Canada stands out amongst mature economies in anticipated merger and acquisitions (M&A) activity over the next three years according to research from the latest Grant Thornton International Business Report. The results from the 2012 report show that 42% of Canadian businesses surveyed said they plan to grow through acquisition.
These numbers are consistent with historically high figures over the past five years in Canada. However, around the world, the IBR results show that business appetite for M&A has markedly increased over the past 24 months, despite on-going global economic challenges. The survey reveals that the overall proportion of businesses seeking to grow through M&A has risen significantly from 26% in 2010 to 34% in 2012.
“Naturally, domestic M&A remains high on the agendas of business leaders, but the upswing in interest in overseas expansion is encouraging and no doubt reflects the particular market conditions within individual regions globally,” says UK-based Mike Hughes, global service line leader for Grant Thornton International’s M&A practice.
Canadian companies pursuing M&A growth strategies say they are doing so primarily to access new geographic markets (69%), but also to build scale (48%), access lower cost operations (39%) and acquire new technology or an established brand (34%). These kinds of key drivers are consistent around the world, indicating that Canadian companies believe M&A remains the simplest and most effective way for businesses to grow their footprint and build scale in new geographies.
Of those Canadian companies looking to grow through M&A, IBR survey results reveal 70% are looking domestically, while 23% are looking outside Canada’s borders. This stands in contrast to the global results, which show an overall increase in the number of companies seeking to expand through a cross-border transaction – from 28% last year to 33% in the 2012 survey.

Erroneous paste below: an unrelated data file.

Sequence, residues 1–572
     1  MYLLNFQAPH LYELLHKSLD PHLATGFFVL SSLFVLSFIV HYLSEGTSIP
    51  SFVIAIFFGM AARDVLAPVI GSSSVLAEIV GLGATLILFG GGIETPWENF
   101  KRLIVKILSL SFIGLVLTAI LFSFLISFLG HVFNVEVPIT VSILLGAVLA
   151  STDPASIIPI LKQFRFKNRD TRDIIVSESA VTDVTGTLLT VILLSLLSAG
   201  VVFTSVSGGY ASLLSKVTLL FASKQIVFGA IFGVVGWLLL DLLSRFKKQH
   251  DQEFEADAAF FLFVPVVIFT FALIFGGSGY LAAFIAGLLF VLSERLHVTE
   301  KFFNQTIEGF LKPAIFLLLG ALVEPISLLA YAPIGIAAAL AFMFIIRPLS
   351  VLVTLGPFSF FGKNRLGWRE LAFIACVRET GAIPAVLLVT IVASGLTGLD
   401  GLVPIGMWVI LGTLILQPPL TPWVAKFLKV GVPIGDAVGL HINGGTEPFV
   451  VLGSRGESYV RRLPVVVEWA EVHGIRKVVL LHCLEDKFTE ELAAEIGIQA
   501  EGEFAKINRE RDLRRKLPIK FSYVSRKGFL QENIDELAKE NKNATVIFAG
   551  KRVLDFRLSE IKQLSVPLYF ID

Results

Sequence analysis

“Acquisitions are well-established tools of corporate strategy in Canada, so it’s not surprising that we are comfortably above the global average in planning to use this as a tool for growth. Canadian merger and acquisitions activity is being driven by growth-hungry companies in a tepid economic environment, the ageing population of the Western world and strong access to funding,” says Troy MacDonald, Corporate Finance partner in Grant Thornton LLP’s Toronto office.
Most Canadian companies plan to finance their growth through retained earnings (68%), bank finance (55%) and private equity (31%). “Despite the global slowdown, many companies are holding significant cash and have excess debt capacity on their balance sheets, positioning them well to make acquisitions,” adds Greg Wright, Director of Mergers and Acquisitions at Grant Thornton Corporate Finance Inc. in Vancouver. “We believe the time is right for Canadian businesses to take full advantage of business optimism and the M&A opportunities that exist across Canada and well beyond our borders.”
Despite the appetite for M&A, only 12% of Canadian companies foresee a change in their own ownership over the next three years, and of these, 31% said they expect an acquisition by a competitor. According to Greg Wright, many of these businesses may command a premium price. “High quality businesses are attracting premium prices across the globe, and particularly in Canada. Slow economic growth over the last few years has definitely increased competition for attractive assets.”
The IBR survey results reveal some interesting regional variations. The regions most interested in making an acquisition in the next three years are North America (37%) and the BRIC economies (35%). This compares to only 28% in mainland Europe, 25% in Asia Pacific and in particular companies in the troubled economies of Greece, Ireland and Spain where only 16% indicated an interest in M&A activity in the coming three years.
Source: Grant Thornton LLP